Read more: The best movies streaming on Hulu

Bull Durham (1988)

Bull Durham
73 %
r 108m
Genre Comedy, Romance
Stars Kevin Costner, Susan Sarandon, Tim Robbins
Directed by Ron Shelton
Another Kevin Costner classic, Bull Durham follows players in the minor leagues as they show us that there is more to baseball than just the majors. With fantastic performances from Costner, Susan Sarandon, and Tim Robbins, Bull Durham is really a romantic comedy following a love affair set against some truly depressing minor league games. It’s a movie about the romance of baseball that also acknowledges how crummy the sport can be.

The Bad News Bears (1976)

The Bad News Bears
84 %
pg 102m
Genre Family, Comedy
Stars Walter Matthau, Tatum O'Neal, Ben Piazza
Directed by Michael Ritchie
Another baseball comedy, The Bad News Bears is a raunchy and hilarious film that has remained a classic for decades, gaining so much acclaim that they re-made it in 2005. While the new version has some great moments , it will never match up to Walter Matthau’s comedic timing and performance in the original. Mathau plays a grumpy man who couldn’t make the minor league cut and is forced to coach a team in an uber-competitive California little league division, he tries out some unconventional methods and goes against all the rules. Fair warning: Having come out in 1976 (before the MPA ratings change) and containing a few distasteful racial slurs, this movie is not PG by any of today’s standards.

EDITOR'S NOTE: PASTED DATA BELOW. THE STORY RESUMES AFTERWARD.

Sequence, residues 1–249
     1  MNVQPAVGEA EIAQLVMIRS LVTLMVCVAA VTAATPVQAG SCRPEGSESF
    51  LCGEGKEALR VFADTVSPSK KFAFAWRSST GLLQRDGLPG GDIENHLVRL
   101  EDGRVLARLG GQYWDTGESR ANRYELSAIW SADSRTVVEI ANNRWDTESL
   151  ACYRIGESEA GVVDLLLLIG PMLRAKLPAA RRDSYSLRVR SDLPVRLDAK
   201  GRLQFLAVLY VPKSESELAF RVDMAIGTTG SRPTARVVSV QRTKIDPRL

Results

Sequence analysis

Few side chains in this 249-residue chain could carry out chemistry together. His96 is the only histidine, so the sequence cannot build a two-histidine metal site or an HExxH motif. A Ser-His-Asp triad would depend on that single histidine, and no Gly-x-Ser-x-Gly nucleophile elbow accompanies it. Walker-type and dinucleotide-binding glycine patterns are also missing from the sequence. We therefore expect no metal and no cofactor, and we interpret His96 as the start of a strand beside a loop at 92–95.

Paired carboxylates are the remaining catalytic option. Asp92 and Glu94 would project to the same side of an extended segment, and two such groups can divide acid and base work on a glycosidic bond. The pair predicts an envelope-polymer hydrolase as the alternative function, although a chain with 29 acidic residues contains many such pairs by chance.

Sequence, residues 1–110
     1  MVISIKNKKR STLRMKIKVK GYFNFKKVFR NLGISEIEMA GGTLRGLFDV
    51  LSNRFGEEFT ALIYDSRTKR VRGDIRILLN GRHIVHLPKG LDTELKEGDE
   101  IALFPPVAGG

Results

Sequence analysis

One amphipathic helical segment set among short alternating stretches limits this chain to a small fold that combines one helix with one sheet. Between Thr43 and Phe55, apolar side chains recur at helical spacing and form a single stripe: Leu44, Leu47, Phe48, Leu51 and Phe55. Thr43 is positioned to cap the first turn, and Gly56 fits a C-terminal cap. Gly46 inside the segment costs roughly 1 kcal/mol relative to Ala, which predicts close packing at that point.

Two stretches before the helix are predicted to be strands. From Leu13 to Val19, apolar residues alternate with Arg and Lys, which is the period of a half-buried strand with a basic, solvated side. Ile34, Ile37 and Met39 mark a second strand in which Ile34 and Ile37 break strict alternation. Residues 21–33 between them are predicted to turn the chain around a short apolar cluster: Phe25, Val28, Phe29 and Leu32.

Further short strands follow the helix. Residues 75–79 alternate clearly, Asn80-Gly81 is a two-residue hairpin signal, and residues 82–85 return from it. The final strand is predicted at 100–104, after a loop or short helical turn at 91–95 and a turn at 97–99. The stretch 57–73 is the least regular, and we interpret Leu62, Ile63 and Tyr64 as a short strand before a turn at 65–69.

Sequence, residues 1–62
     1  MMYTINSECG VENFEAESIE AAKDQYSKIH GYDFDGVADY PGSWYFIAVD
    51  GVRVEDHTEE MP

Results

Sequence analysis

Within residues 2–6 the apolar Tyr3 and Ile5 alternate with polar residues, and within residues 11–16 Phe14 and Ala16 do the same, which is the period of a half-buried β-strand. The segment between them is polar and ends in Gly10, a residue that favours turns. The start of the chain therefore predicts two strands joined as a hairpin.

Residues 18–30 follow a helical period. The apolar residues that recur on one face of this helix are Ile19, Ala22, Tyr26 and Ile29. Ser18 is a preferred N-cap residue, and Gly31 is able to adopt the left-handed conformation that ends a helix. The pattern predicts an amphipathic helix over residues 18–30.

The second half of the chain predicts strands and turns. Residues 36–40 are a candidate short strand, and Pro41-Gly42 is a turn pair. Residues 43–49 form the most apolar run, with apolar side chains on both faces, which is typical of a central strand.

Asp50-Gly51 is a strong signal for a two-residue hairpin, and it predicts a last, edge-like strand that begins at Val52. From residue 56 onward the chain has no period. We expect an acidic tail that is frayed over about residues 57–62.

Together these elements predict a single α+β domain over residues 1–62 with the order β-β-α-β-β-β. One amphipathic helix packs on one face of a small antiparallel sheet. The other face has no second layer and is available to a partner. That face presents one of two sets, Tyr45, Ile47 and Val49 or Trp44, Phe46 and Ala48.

Bang the Drum Slowly (1973)

Bang the Drum Slowly
80 %
pg 96m
Genre Drama
Stars Michael Moriarty, Robert De Niro, Vincent Gardenia
Directed by John D. Hancock